Molecular Cloning, Characterisation and Ligand- Bound Structure of an Azoreductase from Pseudomonas AeruginosaWang, C.-J., Hagemeier, C., Rahman, N., Lowe, E.D., Noble, M.E.M., Coughtrie, M., Sim, E., Westwood, I.M.
(2007) J Mol Biol 373: 1213
- PubMed: 17904577
- DOI: 10.1016/j.jmb.2007.08.048
- Structures With Same Primary Citation
- PubMed Abstract:
The gene PA0785 from Pseudomonas aeruginosa strain PAO1, which is annotated as a probable acyl carrier protein phosphodiesterase (acpD), has been cloned and heterologously overexpressed in Escherichia coli. The purified recombinant enzyme exhibits ac ...
The gene PA0785 from Pseudomonas aeruginosa strain PAO1, which is annotated as a probable acyl carrier protein phosphodiesterase (acpD), has been cloned and heterologously overexpressed in Escherichia coli. The purified recombinant enzyme exhibits activity corresponding to that of azoreductase but not acpD. Each recombinant protein molecule has an estimated molecular mass of 23,050 Da and one non-covalently bound FMN as co-factor. This enzyme, now identified as azoreductase 1 from Pseudomonas aeruginosa (paAzoR1), is a flavodoxin-like protein with an apparent molecular mass of 110 kDa as determined by gel-filtration chromatography, indicating that the protein is likely to be tetrameric in solution. The three-dimensional structure of paAzoR1, in complex with the substrate methyl red, was solved at a resolution of 2.18 A by X-ray crystallography. The protein exists as a dimer of dimers in the crystal lattice, with two spatially separated active sites per dimer, and the active site of paAzoR1 was shown to be a well-conserved hydrophobic pocket formed between two monomers. The paAzoR1 enzyme is able to reduce different classes of azo dyes and activate several azo pro-drugs used in the treatment of inflammatory bowel disease (IBD). During azo reduction, FMN serves as a redox centre in the electron-transferring system by mediating the electron transfer from NAD(P)H to the azo substrate. The spectral properties of paAzoR1 demonstrate the hydrophobic interaction between FMN and the active site in the protein. The structure of the ligand-bound protein also highlights the pi-stacking interactions between FMN and the azo substrate.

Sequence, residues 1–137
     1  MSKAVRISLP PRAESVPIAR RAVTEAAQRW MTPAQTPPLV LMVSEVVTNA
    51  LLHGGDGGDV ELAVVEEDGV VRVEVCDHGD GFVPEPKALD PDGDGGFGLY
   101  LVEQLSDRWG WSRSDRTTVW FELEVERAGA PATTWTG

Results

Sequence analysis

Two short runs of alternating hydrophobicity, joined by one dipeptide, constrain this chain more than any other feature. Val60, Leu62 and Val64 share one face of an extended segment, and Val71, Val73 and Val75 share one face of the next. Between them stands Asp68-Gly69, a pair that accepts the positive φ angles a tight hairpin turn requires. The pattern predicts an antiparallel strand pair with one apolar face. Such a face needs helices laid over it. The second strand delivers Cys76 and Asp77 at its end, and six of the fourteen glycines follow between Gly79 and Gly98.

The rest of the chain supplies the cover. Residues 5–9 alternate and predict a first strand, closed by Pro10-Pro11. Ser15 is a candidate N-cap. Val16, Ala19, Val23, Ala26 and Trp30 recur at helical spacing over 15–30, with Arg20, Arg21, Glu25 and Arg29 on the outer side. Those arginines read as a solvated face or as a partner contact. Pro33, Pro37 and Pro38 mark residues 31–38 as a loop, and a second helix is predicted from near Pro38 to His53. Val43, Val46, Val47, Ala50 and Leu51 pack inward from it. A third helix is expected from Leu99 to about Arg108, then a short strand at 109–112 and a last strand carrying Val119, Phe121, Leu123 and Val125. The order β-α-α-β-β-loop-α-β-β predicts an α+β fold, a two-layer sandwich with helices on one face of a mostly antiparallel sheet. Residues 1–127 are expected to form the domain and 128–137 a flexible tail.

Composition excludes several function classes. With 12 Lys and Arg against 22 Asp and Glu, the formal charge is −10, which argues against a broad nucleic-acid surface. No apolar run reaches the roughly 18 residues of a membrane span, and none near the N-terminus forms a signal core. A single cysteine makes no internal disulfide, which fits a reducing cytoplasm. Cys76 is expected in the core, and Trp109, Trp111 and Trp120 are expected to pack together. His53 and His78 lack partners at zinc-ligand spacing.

Department of Pharmacology, University of Oxford, Mansfield Road, Oxford, OX1 3QT, UK.